Be cautious of counterfeit currency

Police are warning Ontario residents of a recent spurt of counterfeit currency making the rounds in the province.

Since the beginning of 2017, Ontario Provincial Police (OPP) have received 82 reports of counterfeit bills in its West Region, which is headquartered in London, Ont. The fakes range in value from $5 to $100, and both Canadian and U.S. counterfeits have been passed.

“Counterfeit deterrence requires a team approach from all partners including law enforcement agencies, the Bank of Canada, retailers and the public working together,” said Chief Superintendent J.E. (John) Tod, of the OPP Investigation and Support Bureau. “If you come across phoney money, contact your local police service.”

The Royal Canadian Mounted Police (RCMP) reports there 17,504 counterfeit Canadian banknotes passed in 2016. Nearly 4,000 of those notes—roughly 22 per cent—were passed in Ontario.

OPP, RCMP, BANK OF CANADA JOIN FORCES

The OPP is partnering with the Bank of Canada and the RCMP to educate citizens and business owners about counterfeit currency.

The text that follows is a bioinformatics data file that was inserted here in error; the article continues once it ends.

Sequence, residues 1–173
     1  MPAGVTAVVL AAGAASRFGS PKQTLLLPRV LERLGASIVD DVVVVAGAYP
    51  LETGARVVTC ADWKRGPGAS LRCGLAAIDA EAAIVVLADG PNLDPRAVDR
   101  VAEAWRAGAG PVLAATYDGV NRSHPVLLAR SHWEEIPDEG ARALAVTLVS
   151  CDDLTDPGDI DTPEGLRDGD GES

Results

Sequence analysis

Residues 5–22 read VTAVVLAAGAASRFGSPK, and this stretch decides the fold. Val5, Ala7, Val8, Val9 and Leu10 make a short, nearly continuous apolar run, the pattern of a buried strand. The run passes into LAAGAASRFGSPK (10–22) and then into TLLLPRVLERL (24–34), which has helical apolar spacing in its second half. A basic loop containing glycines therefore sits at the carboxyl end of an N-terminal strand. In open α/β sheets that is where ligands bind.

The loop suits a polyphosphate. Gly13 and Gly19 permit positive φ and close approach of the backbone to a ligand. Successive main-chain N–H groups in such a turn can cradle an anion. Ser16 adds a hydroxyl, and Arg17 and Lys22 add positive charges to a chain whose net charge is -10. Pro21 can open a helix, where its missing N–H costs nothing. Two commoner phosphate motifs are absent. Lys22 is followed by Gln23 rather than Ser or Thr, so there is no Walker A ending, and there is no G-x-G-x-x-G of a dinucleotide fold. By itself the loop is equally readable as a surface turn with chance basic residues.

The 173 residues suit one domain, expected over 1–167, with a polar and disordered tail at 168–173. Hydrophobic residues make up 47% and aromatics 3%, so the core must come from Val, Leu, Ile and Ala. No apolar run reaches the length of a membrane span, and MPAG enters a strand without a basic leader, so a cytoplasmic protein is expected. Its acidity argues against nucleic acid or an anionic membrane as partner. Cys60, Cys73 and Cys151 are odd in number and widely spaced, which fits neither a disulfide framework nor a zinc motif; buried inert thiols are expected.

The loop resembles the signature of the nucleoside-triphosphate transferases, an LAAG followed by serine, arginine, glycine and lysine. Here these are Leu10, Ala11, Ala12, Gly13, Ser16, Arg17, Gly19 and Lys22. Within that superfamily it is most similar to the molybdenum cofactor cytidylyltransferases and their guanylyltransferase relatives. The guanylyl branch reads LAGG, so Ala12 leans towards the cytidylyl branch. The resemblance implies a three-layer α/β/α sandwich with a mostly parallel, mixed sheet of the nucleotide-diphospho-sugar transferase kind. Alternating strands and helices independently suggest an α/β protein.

When dealing with someone who is attempting to pass counterfeit bank notes, cash handlers must ensure their own safety first. Police warn to:

  • be especially careful during busy periods, when counterfeit notes are more likely to be passed;
  • be wary of customers who want to pay with much higher denominations of bills than needed;
  • if possible, keep the suspicious banknote and record all relevant information about the bill and the person, such as denomination, serial number, time, context, physical descriptions, and vehicles and licence plates;
  • contact your local police service;
  • give the suspicious bank note to the police and request a receipt (if the note is genuine, it will be returned to you);
  • remember the person passing a counterfeit banknote may not be aware it is phoney—he or she could also be an unwitting victim of crime.

CHECK YOUR CASH

Even with new technology, no counterfeiter is able to produce an exact duplicate of a genuine banknote; a counterfeit is always an inferior copy of the original. At first glance, a good counterfeit might look legitimate; however, if you know what to look for—and feel for—it only takes a few seconds to detect a fake.

Read more about Canadian banknote security features at the Bank of Canada website.

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